• Data Integration: Good.

    Catch automatically turns telephone numbers, web URLs, and tags into clickable links. However, it considered my dates (written in computer programmer format, like 2011-06-08) to be telephone numbers.

    Catch only shows clickable links in view mode, not edit mode. However, you can get to edit mode with a single click in the button bar. Or by long-pressing a note. It's no big deal. I would like the clickable links to be a different color in edit mode, so I can easily find them and modify them if necessary.

  • App Integration: Poor.

    I was SHOCKED to find that there are Android apps that integrate with Catch. There are browser plugins that let you save HTML pages to catch.com. There's even a web API that lets website visitors save stuff to catch.

    I suppose it's not really Catch's fault that there's no calendar, task, or contact app that integrates with it. And from the PIM perspective, everything else is just frosting. Still, it's better than anything else I've seen!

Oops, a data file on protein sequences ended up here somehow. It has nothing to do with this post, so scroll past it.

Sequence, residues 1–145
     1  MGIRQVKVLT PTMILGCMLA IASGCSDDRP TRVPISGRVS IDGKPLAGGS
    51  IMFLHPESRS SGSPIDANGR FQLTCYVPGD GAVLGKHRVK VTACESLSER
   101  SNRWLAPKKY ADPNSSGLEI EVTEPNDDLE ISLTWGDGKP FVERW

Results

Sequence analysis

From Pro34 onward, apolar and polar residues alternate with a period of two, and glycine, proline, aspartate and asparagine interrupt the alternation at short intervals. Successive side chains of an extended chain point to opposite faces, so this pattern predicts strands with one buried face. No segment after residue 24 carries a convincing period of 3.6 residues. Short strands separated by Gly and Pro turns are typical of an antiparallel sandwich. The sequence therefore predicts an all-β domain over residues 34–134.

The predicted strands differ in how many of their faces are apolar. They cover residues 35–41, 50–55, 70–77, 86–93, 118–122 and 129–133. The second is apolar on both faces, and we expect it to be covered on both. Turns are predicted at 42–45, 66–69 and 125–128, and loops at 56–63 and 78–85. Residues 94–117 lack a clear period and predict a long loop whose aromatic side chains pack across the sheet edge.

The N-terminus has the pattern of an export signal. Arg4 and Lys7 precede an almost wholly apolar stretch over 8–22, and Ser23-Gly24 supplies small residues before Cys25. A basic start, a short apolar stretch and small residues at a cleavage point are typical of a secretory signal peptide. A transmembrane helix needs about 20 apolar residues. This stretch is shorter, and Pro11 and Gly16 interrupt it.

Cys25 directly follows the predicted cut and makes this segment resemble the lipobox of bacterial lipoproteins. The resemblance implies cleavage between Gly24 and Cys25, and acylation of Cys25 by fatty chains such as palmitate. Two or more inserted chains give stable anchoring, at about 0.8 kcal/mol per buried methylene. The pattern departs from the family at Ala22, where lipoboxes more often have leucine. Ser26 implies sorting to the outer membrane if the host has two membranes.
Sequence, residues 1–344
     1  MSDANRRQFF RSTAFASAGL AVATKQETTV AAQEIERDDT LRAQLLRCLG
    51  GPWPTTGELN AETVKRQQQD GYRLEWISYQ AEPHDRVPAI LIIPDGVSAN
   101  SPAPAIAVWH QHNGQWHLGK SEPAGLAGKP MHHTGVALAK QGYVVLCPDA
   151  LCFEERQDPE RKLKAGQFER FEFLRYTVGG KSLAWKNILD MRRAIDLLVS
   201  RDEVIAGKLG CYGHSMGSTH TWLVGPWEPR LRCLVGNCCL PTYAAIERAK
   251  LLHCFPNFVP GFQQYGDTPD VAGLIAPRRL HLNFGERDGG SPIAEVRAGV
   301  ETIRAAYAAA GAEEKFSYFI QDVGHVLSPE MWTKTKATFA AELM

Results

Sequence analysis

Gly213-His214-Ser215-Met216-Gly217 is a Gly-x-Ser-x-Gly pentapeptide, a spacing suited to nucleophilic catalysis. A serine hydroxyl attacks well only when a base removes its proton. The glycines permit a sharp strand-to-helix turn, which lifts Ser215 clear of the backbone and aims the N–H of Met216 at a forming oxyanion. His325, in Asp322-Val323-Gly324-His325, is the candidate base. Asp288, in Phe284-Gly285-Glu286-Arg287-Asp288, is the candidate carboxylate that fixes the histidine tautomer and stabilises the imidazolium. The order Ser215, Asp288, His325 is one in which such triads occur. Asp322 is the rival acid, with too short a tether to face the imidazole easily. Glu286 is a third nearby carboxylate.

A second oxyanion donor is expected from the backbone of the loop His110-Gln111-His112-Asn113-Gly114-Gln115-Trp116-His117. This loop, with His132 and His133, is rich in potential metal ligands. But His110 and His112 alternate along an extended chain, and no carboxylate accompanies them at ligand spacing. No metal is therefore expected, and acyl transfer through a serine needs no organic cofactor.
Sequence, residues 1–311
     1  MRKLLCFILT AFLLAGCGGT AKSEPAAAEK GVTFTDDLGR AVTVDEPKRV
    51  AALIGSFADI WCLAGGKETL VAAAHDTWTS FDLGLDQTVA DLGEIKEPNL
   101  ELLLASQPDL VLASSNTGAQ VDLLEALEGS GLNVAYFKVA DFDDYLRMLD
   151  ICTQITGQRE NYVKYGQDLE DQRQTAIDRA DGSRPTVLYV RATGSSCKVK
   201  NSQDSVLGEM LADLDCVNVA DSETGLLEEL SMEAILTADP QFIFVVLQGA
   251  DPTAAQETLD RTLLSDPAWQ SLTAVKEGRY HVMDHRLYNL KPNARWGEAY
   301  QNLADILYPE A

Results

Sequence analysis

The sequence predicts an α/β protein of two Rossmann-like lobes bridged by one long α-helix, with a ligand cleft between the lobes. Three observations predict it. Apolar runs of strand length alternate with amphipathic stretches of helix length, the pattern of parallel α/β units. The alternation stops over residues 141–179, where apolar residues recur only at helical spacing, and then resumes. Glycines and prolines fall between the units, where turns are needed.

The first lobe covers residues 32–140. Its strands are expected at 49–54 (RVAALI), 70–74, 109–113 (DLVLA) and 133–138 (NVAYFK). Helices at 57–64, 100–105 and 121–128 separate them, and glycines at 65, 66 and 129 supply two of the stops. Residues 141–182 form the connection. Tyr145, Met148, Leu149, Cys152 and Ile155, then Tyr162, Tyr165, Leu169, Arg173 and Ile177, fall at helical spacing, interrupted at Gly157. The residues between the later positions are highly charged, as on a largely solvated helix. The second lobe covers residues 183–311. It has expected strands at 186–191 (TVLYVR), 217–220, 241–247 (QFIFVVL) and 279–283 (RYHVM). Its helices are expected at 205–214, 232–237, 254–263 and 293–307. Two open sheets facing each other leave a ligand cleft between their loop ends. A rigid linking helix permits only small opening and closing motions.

While you can't change the theme of the Catch app, you do have several preferences at your disposal. And they actually work, unlike AK Notepad's sorting preference. I set all my text to "small", which gives me plenty of space for editing and reading notes. I wish I could use only one line of preview in the note list, but I'll take two if I have to. I don't like that I have to give the app my password; I'd prefer some kind of token-based authentication.

On the other hand, the appearance is slick. Notes are organized, and it's easy to see what you're clicking on. The interface supports intuitive gestures. And not only does Catch get do all the important stuff well, it's pretty good at everything. It even lets you attach pictures and voice clips to your notes, if that's what you're into.

Customer support was a mixed bag: I asked two questions, one of which was answered correctly, but only after I'd figured it out on my own. The other still hasn't gotten a response, but the problem fixed itself.

Overall, I rate Catch "Excellent"! I'd like it to implement a search within a note, search highlighting, and a custom editing field that doesn't suffer from the Android long-note-scrolling bug. This is my new notepad!